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I'd been using the Logitech V450 Cordless Laser Mouse over the last couple of years. I've had at least three of them. I liked the fact that they were wireless. But they've been causing pain in my wrist from too much use. They are small and portable which is great because I'm out a lot. However, it is smaller than the size of my hand so it's not as comfortable to use as a larger mouse.


Last week I got a Logitech Trackman Wheel. While it will take some time to gain pixel precision skill in using the wheel with my thumb, there thankfully is no more pain. And as an added benefit, I can with a single sweep of my thumb get the mouse pointer fully across two monitors.

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You need a mouse pad with wrist support. 90% of the time this does the trick. If it doesn't, the next step is an alternate pointing device such as a trackball.
I'm obviously not a doctor, but I've dealt with this quite a bit as a manager of engineers working long hours in Japan. I also recommend an ergonomic keyboard with elevated wrist support such as Microsoft's Natural Ergonomic Keyboard. These simple things can save you trouble with your wrists, your shoulders and your back. I had a very hard working woman on my team in Japan who was constantly going to a chiropractor for pain in her shoulders and back. She refused to switch to a more ergonomic setup at her desk because she thought the keyboard required too big an adjustment and she didn't believe it was the source of her issues. I finally made it non-optional, which didn't make me very popular, but within two weeks she stopped going to the chiropractor.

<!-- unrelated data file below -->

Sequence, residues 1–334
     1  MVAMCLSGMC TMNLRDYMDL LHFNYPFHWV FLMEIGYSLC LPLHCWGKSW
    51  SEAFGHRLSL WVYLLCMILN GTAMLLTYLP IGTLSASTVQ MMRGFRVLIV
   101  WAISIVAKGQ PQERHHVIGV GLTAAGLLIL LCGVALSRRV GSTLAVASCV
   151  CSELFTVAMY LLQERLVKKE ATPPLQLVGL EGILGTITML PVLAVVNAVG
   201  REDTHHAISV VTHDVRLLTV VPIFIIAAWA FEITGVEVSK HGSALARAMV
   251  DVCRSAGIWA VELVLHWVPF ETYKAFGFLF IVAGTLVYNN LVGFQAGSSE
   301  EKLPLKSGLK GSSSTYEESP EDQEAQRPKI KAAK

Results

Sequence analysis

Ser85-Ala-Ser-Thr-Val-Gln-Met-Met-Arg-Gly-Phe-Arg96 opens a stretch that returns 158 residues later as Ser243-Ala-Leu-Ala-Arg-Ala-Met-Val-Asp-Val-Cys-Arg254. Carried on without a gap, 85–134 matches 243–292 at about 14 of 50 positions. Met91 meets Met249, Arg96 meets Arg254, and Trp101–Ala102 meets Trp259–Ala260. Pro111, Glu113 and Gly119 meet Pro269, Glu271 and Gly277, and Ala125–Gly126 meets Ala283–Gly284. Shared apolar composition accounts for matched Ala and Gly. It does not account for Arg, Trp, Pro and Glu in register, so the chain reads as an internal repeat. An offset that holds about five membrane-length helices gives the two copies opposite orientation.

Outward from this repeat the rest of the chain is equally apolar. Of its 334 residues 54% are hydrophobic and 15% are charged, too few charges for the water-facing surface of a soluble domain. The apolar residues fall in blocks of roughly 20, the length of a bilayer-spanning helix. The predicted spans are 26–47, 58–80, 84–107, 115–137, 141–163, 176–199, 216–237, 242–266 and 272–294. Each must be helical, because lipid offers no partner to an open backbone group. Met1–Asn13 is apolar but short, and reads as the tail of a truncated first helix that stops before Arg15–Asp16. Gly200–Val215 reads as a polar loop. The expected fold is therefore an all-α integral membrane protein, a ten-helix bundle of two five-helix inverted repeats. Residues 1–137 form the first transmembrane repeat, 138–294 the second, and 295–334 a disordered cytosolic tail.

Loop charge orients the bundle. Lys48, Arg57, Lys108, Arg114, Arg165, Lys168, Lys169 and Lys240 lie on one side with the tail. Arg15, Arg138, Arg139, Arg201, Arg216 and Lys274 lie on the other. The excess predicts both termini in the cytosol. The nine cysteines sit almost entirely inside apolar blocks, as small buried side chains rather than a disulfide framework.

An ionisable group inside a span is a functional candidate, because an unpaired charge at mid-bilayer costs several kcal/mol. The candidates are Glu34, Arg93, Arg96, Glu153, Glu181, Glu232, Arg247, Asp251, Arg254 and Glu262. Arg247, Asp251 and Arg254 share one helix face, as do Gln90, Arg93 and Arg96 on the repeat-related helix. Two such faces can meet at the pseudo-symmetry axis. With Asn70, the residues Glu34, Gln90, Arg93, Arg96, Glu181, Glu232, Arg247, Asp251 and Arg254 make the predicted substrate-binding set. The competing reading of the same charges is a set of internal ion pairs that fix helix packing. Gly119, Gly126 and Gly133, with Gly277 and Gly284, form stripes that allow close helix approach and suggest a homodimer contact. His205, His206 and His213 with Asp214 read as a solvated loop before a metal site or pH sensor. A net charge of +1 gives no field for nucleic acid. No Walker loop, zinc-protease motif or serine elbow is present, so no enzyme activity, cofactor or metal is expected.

I'm still using the original "Old-Skool" (circa 2000) Logitch optical Wheel Mouse, and still have two of them in good working order. These were among the first optical mice that Logitech put out that would operate on any surface, rather than the "optical-grid mirror" mouse pad that older devices needed.

Even compared to current devices -- especially wireless ones -- these mice are very light in the hand, and comfortable to use.

I also use settings that would tick most average users off: I crank up the pointer speed settings to near-maximum, so I can reach any part of the screen with minimal physical movement. It takes some getting used to, but this arrangement allows me to drop my hand on the mouse when needed, guide it with my fingers, and resume typing.

If there's a keyboard that sports an Eraser-Head joystick mouse like older IBM ThinkPads, that would be my ideal. Also, traditional keyboard layout is a requirement for me -- with the backslash in the proper position above the Enter Key, "Inverted T" arrow-keys, and insert/delete keys as used in traditional IBM PC keyboards.

Synaptics touch-pad controllers are also OK, but they can really irritate you when they wear out and send the mouse in unexpected directions. That seems to be the #2 repair on my aging laptops, second only to non-functioning keyboard key repairs. If it weren't for Ebay and a good soldering station, my older laptops would've been abandoned years ago.
I use the exact same logitech cordless mouse now. For a long time I used Microsoft's optical mice (the shiny silver one with grey trim). I chose the logitech based on light feel, ease in moving it, and of course the cool USB dongle that can be stored inside the mouse itself =)